Cloud Computing Advantages
There are quite a number of advantages which can be sourced from the cloud, including Big Data innovations which can use IoT-enabled devices to help inform and streamline operations, as well as app development solutions that can be deployed across multiple branches.
Not least among such advantages are subsequent infrastructural savings, time consolidation, and the ability to expand operations profitably. These will be explored in brief here, but a cursory study of cloud development immediately communicates the effectiveness of this new tech innovation.
Substantial Resource Conservation
First, consider savings. You don’t have to buy an on-site server array to compose a localized data center. The larger your operations, the more cloud computing saves you. Because with a data center, you don’t just have the cost of servers, space, shipping, installation, maintenance and upgrades, you’ve got the cost of staff and backup, too.
You can basically triple the cost of servers. Because if you’ve got five of them they’ll probably cost you around $20k to purchase, transport, install, and maintain (minimum). Then you’re going to pay at least that much for the on-site IT staff who are necessary in their maintenance, and you can add a third $20k installment for the backup solution.
Meanwhile, with cloud computing you can get all the same computational utility through an outsourced solution at a monthly fee. Even if you’re paying $2k a month for such a solution, you’re still saving about $36k a year over the above-described scenario. In five years, that’s a $180,000 savings. Plus, you don’t have to pay for upgrades.
The Two-To-Five Year Itch
If your business is going to stay competitively viable, it means upgrading systems between every two and five years, dependent upon how integral tech operations are to your organization. If, for example, you’re a telemarketing agency, you can probably pinch the pennies involved in procuring tech such that a data center lasts five years.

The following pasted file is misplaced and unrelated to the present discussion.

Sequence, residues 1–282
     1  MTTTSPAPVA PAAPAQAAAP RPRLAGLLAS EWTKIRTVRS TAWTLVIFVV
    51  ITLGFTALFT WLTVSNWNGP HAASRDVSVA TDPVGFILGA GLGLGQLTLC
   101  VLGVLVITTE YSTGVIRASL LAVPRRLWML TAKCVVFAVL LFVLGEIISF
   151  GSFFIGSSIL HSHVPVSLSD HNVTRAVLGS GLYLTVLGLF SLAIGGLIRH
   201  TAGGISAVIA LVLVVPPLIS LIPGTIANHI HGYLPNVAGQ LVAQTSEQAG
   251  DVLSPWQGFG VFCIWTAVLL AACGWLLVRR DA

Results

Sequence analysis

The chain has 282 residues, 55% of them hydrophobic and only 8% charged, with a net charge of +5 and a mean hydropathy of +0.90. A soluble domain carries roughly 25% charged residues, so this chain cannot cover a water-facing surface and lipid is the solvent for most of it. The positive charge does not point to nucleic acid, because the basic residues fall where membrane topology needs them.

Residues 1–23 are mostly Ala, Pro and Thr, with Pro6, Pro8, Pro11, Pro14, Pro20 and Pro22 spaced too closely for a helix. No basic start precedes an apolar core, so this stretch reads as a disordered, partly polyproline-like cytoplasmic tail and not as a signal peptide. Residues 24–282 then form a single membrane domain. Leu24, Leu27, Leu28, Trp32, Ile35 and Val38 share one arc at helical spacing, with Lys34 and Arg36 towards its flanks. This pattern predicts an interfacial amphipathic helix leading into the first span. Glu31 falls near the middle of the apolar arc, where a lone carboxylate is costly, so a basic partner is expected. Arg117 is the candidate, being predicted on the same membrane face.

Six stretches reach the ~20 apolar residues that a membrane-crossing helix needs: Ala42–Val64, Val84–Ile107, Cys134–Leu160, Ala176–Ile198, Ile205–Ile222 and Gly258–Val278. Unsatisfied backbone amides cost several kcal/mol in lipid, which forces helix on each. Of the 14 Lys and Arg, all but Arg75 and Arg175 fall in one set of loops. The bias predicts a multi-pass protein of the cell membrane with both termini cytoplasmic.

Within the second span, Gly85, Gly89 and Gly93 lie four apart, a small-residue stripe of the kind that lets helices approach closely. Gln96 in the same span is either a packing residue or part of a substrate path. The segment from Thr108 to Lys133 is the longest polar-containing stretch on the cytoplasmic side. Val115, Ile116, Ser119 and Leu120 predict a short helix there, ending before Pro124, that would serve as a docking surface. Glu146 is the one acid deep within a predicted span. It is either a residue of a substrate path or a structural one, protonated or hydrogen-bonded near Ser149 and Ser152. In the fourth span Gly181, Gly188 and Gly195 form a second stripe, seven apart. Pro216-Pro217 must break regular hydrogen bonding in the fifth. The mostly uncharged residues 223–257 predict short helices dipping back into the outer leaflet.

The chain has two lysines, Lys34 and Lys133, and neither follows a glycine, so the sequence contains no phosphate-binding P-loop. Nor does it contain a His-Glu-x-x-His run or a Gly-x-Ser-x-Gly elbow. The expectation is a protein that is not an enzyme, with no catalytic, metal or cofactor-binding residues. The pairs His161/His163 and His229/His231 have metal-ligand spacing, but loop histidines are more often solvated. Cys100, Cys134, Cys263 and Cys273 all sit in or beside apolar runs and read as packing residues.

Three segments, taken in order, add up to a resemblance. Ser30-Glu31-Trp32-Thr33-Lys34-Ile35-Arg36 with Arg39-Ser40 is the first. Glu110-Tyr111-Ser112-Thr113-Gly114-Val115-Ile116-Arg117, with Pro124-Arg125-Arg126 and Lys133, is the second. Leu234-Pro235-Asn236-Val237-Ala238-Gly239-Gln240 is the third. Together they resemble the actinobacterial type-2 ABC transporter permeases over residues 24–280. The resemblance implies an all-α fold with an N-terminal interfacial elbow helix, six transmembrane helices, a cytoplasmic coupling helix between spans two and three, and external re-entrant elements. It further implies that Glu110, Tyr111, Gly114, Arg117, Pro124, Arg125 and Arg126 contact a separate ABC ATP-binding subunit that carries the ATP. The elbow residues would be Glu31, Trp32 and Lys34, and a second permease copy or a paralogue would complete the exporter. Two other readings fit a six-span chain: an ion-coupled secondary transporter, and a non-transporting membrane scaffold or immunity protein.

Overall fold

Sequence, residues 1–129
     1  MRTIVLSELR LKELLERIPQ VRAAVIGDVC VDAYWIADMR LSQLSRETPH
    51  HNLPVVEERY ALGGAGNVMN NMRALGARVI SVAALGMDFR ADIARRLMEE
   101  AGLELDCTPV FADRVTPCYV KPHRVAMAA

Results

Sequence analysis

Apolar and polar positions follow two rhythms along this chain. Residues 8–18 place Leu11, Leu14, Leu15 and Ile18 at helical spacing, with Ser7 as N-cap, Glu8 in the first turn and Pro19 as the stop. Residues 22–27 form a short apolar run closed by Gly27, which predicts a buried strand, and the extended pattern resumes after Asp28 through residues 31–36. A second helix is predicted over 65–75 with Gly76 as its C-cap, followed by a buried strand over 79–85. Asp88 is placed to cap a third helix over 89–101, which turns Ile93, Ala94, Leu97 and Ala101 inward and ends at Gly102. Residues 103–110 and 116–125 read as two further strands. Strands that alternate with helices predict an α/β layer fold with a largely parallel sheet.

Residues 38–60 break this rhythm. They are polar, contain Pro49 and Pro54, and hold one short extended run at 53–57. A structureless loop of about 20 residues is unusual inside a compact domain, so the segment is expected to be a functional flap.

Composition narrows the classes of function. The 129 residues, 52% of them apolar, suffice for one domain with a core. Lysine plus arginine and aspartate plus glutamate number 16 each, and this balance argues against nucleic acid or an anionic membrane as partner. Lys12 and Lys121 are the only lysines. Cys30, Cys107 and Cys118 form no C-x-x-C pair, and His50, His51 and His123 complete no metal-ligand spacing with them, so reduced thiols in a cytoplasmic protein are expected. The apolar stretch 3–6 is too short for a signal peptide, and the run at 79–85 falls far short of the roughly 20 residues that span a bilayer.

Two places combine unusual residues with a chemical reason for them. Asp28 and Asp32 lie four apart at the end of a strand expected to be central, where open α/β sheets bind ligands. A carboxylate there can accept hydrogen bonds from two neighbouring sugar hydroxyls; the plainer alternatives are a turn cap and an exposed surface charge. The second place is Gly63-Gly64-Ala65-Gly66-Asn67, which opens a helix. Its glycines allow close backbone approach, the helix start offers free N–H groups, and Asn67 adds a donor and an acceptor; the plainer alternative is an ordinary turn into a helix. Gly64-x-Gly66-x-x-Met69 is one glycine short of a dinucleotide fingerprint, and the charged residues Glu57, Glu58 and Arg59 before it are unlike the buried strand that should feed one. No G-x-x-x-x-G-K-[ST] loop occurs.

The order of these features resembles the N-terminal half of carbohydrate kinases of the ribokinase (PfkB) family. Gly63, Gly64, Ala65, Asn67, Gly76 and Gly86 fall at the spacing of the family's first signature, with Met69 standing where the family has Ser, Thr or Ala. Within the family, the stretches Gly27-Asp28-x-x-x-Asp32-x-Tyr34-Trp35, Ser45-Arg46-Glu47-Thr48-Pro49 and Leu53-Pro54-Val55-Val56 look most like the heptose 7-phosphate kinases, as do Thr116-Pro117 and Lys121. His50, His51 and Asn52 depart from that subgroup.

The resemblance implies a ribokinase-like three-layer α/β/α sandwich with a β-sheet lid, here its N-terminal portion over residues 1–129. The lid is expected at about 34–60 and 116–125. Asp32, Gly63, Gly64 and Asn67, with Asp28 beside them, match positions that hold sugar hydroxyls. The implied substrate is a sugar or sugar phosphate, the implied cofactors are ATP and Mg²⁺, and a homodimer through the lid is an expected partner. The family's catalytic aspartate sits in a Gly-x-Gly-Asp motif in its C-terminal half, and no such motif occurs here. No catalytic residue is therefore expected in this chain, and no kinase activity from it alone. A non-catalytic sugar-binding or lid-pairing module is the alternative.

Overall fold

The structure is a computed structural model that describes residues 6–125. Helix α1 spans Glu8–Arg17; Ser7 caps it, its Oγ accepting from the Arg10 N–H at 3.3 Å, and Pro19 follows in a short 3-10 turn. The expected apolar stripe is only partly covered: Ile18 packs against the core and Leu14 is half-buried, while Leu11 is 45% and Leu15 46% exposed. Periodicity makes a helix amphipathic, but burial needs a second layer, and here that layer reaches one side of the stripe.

But toward the end of that five years, things are going to get full of lag. It’s rather like preserving a late-model vehicle to 300,000 or 400,000 miles. Yeah, you can do it; but it’s going to be some work, and what you spend in keeping a car running that long may just as well have been devoted to another vehicle entirely.
Meanwhile, with cloud computing solutions, upgrades happen automatically on the part of the cloud provider. It’s their prerogative to continuously upgrade operations in order that they remain competitive. So you don’t have to spend tens of thousands every several years obtaining new systems.
And, best of all, you need not see any security lapses. Most important data can be consolidated to a few localized server systems for a tenth of the cost involved in maintaining a system-wide data center servicing one or multiple branches. You can have your cake, and eat it too. And all these things before solutions like VoIP are even discussed.
UCaaS And VoIP
UCaaS stands for “Unified Communication as a Service”, and refers to things like VoIP, or Voice over Internet Protocol, which is one of many innovations TransBeam.com notes is contributing to: “An increasing number of enterprise companies across many verticals…beginning to see…benefits of applying cloud-based unified communications.”
With VoIP, businesses can cut out the telecommunications middle man calling up with decals of the “AT&T” variety. Instead of paying the phone company, businesses can just lump that bill in with their internet and get the same utility at a fixed rate that doesn’t fluctuate on a monthly basis.
For this reason the big telecom companies have begun to feature VoIP solutions, but the whole point is consolidation, so they’re not winning in that contest. When a local MSP can provide the same through the cloud, why pay two bills? Cloud computing is consolidating not just infrastructural efficiency, but the costs involved in operation.